Live fuel moisture is measured frequently throughout the country as an indicator of potential fire behavior but little is known about the primary factors that drive their seasonal variations. Dr. Matt Jolly delves into the interactive factors that control live fuel moisture and discusses some of the potential implications of these factors on seasonal variations in the fire potential of living plants. He shows how the interactions between the water content of the foliage and seasonal changes in the leaf’s dry weight combine to influence calculated live fuel moisture and ultimately, its flammability.
Jan Passek, USFWS Fire Specialist, and Heidi Strader, Weather Forecaster from the Alaska Interagency Coordination Center will demonstrate how to input daily weather observations used to calculate Fire Danger using WIMS–the Forest Service Weather Information Management System! The Webinar is 1:30 p.m. AST on Monday, February 25th. Come join the webinar as we discuss: WIMS Roles and responsibilities, Access Control Lists- what are they, who controls them?, NFDRS, Firefamily Plus, Weather Detective skills and what to look for Monday mornings to ensure weekend weather is updated. Registration information is available from email@example.com.
Date: Thursday, December 20, 2012 Time:10:00 – 11:30 AM (AK Time)
Presented by:Matt Jolly, PhD
Research Ecologist, USFS
Fire, Fuel and Smoke Science Program
Missoula Fire Sciences Laboratory
Live fuel moisture is measured frequently throughout the country as an indicator of potential fire behavior but little is known about the primary factors that drive their seasonal variations. Dr. Matt Jolly will delve into the interactive factors that control live fuel moisture and will discuss some of the potential implications of these factors on seasonal variations in the fire potential of living plants. Ultimately, he will show how the interactions between the water content of the foliage and seasonal changes in the leaf’s dry weight combine to influence calculated live fuel moisture and its flammability.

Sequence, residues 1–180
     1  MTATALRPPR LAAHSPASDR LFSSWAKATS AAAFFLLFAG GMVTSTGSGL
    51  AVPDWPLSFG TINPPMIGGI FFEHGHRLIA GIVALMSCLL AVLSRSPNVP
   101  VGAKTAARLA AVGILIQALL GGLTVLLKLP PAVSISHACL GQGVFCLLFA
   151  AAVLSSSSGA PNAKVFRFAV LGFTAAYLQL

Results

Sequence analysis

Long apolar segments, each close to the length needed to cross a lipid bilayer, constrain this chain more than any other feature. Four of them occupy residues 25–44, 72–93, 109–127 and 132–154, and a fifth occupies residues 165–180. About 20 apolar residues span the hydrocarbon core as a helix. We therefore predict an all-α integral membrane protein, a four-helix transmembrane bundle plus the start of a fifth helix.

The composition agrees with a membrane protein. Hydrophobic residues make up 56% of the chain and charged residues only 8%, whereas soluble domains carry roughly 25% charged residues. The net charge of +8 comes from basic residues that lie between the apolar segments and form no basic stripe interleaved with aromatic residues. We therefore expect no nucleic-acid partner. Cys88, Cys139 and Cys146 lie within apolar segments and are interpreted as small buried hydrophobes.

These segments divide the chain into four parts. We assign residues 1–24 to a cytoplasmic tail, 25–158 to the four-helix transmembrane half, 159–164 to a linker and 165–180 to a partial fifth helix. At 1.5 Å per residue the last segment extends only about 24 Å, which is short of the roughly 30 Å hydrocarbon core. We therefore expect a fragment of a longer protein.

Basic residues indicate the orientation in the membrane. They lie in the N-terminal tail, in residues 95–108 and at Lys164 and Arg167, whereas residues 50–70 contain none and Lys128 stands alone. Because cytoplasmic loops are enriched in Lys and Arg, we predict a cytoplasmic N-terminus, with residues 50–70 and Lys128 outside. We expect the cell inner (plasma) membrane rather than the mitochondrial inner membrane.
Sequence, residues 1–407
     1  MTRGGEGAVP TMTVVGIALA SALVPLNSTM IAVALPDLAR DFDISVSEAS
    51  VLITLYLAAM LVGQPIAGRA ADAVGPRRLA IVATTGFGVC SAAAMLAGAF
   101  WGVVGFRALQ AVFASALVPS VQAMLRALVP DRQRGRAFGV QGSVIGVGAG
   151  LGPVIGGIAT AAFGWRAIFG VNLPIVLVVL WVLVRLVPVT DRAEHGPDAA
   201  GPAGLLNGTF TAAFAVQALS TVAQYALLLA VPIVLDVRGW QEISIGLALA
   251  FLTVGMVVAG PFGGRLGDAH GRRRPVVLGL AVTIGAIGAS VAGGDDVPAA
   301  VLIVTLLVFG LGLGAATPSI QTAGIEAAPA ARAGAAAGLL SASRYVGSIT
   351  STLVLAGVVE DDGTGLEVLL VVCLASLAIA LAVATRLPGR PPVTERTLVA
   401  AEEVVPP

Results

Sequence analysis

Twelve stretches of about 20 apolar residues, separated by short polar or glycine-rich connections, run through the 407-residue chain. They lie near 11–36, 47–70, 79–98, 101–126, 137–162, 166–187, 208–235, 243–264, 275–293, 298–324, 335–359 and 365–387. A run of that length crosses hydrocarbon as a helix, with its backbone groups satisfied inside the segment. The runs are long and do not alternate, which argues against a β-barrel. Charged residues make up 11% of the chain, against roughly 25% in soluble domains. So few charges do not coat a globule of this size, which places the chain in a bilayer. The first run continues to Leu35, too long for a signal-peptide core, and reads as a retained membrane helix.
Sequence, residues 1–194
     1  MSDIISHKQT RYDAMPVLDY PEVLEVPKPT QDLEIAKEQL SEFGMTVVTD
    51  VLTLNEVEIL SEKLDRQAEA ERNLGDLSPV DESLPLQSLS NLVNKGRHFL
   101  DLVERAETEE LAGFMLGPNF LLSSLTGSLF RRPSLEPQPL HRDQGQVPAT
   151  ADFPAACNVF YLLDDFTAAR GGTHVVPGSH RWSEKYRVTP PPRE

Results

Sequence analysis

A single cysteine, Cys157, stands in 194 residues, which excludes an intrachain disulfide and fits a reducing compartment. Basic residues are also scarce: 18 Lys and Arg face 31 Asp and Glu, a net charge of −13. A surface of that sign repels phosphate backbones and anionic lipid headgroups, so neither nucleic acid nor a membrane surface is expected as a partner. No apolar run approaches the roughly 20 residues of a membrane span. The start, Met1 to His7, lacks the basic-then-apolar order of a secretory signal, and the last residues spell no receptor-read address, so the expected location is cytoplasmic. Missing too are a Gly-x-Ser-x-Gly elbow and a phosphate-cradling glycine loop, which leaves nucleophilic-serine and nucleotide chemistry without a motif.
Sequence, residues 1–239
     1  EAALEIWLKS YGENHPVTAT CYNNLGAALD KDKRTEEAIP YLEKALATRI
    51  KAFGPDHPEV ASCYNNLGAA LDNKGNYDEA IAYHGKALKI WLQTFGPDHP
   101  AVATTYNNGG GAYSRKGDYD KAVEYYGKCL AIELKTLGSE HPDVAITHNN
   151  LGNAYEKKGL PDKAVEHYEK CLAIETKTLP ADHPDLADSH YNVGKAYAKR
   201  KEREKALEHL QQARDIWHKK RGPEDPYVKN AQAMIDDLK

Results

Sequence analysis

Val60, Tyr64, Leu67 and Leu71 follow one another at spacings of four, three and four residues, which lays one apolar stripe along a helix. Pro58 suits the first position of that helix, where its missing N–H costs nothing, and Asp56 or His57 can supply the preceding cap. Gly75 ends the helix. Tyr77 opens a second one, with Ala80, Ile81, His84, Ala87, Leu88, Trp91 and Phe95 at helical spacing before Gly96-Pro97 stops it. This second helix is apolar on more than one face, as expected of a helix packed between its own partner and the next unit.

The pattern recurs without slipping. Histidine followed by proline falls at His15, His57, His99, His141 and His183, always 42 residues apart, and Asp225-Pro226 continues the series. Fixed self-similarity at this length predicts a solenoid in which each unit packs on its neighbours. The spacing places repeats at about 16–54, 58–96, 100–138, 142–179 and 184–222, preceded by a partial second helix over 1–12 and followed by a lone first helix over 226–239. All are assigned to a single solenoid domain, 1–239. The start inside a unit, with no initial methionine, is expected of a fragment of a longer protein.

The 2007 Uluksian Fire (photo courtesy of P. Higuera).
Dr. Philip Higuera (assistant professor at the College of Natural Resources, University of Idaho) will be joining us for a webinar on May 24, 2012 (1:00-2:00 pm AKDT) entitled “Tundra burning in Alaska: Rare event of harbinger of climate change?”. Philip’s current research is focused on how climate, vegetation, and human activities interact with fire occurrence and fire regimes (from across years to across millenia). He is also the Director of the Paleoecology and Fire Ecology Lab where students and researchers work on charcoal and pollen analysis in lake-sediment records, dendrochronology, and spatially-explicit modeling and analyses for areas in the US Rocky Mountains, Alaska, and abroad in Tasmania, Australia.
Webinar at a Glance:
Dr. Philip Higuera will be presenting results from past and ongoing research focused on understanding the causes and consequences of tundra burning in the past, present, and future. The talk will integrate several lines of work, including reconstructing tundra fire history in the recent and distant past (2000-14,000 yr), quantifying relationships among modern climate, vegetation, and tundra burning, and anticipating future tundra burning given future climate scenarios.